Distance: 52.9 km
Time: 2 hours 28 minutes
Speed: 21.5 km/h
Ascent: 123 metres
Total distance: 2146.4 km
Total time: 114 hours 43 minutes
Wordle scores: Captain 3, Stoker 5
Word of the day: “piana” (pee-ah-nah) – flat, level ground
The Stoker writes:
Trebisacce was a cheerful little place, spread out along the sea front, which was full of little beaches and bars. We headed out for dinner at our usual 7pm, thinking to eat in the restaurant of our hotel, which already had its pizza oven lit and ready.
Or so we thought – not open until 8pm, they said, but we could sit and have a drink until then. The Captain ordered a beer, and I asked for prosecco. No prosecco. Which seemed slightly odd. Not only that, on further interrogation there was no wine, of any colour. NO WINE!! In a restaurant in Italy! After alcohol-free day yesterday, that was not going to work, so we headed into town to find a restaurant which did have wine 😁. We located a nice-looking candidate, and asked the lady sweeping the outside terrace if we could have a table. Too early there too – evidently no-one eats before eight in Trebisacce! A drink in a beach-side bar later, it was definitely past eight, and we returned, to be well fed, and to enjoy a bottle of Calabrian wine, made from the Gaglioppo grape.
The proprietor of the restaurant was an exponent of the quirky Italian method of storing your (usually reading) glasses when you don’t need them. They do it like this:
On their eyebrows! We were made aware of this phenomenon by Ned Boulting and Matt Stephens in the excellent “Never Strays Far” cycling podcast, when they were covering the Giro d’Italia cycle race in May this year. They talked about the ‘Italian man with glasses on eyebrows’ trend, and sure enough, I saw my first example at Trieste airport, and many more since. It’s surprisingly difficult, I can’t seem to do it, and it’s way less prevalent amongst the women.
Anyway, I digress!
This morning dawned fine and clear, as we have come to expect, and we took breakfast in the hotel, entertained hugely by a full-volume shouty argument in the kitchen between the husband and wife who owned it! Italians seem very happy to conduct all their business in the public eye, we tried not to be all British and embarrassed by it, no-one else was!
We were on the road by 10am, initially along the lungomare, the road next to the sea, and then turning inland slightly to pick up the lesser of the two SS106 roads. Ours must have been the old road, before the new one was built further inland still, and we were squeezed in between the railway and what must have been its own previous track. There were a few old bridges going nowhere.
At Trebisacce we’d been hemmed in by mountains, and able to see them curving round the next bay towards today’s destination of Mirto Crosia. They were a constant presence on our right today, but we knew our route was completely flat, staying well within their curving embrace.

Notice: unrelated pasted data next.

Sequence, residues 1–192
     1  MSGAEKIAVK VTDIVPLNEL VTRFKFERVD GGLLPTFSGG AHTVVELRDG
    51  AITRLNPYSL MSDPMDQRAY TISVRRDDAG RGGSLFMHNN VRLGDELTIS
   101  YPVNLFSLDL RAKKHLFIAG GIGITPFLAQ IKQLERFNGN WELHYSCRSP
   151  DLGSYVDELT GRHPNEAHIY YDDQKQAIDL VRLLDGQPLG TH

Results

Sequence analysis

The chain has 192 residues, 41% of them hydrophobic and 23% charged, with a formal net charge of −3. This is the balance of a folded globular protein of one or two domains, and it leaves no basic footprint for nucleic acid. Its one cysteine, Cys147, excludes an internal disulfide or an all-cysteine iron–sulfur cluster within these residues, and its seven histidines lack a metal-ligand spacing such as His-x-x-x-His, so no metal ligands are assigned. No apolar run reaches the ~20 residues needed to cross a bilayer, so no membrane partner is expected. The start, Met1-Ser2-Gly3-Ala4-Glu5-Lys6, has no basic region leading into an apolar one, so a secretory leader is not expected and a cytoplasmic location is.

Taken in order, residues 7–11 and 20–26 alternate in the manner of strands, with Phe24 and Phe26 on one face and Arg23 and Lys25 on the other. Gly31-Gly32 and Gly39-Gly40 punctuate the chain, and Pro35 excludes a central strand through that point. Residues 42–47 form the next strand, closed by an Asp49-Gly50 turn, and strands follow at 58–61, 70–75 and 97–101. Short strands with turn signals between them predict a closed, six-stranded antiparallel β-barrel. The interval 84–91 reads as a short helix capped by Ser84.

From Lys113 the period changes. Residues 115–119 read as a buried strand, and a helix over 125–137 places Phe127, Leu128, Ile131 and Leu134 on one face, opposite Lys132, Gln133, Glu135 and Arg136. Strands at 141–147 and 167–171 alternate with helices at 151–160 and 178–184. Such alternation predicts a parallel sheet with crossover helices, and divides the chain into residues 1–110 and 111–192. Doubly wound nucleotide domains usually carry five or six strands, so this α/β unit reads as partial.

As we pedalled along, the Captain noticed two familiar figures up ahead. “Good morning Switzerland”, he called out as we passed them – it was our friends from yesterday. They must have been up early today, as they were stopping for the night yesterday at the place where we all had a water stop, which was at least thirty kilometres from Trebisacce. They looked very cheerful. I wondered how they’d coped with the closed road, as they were also using Komoot to navigate.
We passed a tower…
… and some palm trees…
… but to be honest it was not a great day for scenery. We rode through a long section of industrial zones, and there was no shade really in which we could stop and take the first hour drink. A little shopping area hoved into view, with a MacDonalds. Needs must, so we pulled in, and drank them out of fizzy water. Literally. We had to have one ‘naturale’!
Back on the road, and we sweated on along the SS106 radd (no idea what the ‘radd’ part means), riding in a wide margin on the right just like a cycle path.
We were making good time, and our host in Mirto Crosia had told us we could be in the apartment any time after noon, which was very generous. We arrived ten minutes early, and sat in the shade to wait for him. He arrived all smiles with his two sons, and asked to take our picture outside the building. As often with the more southerly parts of Italy he was very happy that we could conduct our check-in in Italian!
He explained that the apartment was new, he had only opened the building in mid-July this year, having renovated it from an old flour mill to host an initial four apartments. It’s absolutely gorgeous, beautifully decorated, cool, and quiet despite being by the side of the SS106! There was a bottle of prosecco, some milk and water in the fridge, and he’d picked some figs from his tree that morning for us. They were a lovely family, so charming and welcoming. One of the sons is a lifeguard at the beach, and our host is going to pick us up tomorrow to take us there so we don’t have to ride there on the tandem. What a star – we’ve been very lucky in our hosts.
He also took some photos of us with his sons, who were very tolerant of our sweaty state!
We’re taking a rest day tomorrow, after a quite gruelling block of six days since Gallipoli. Everything is lining up well for our crossing to the Tyrrhenian coast in a few days, when we get to the thinnest part of Italy’s foot.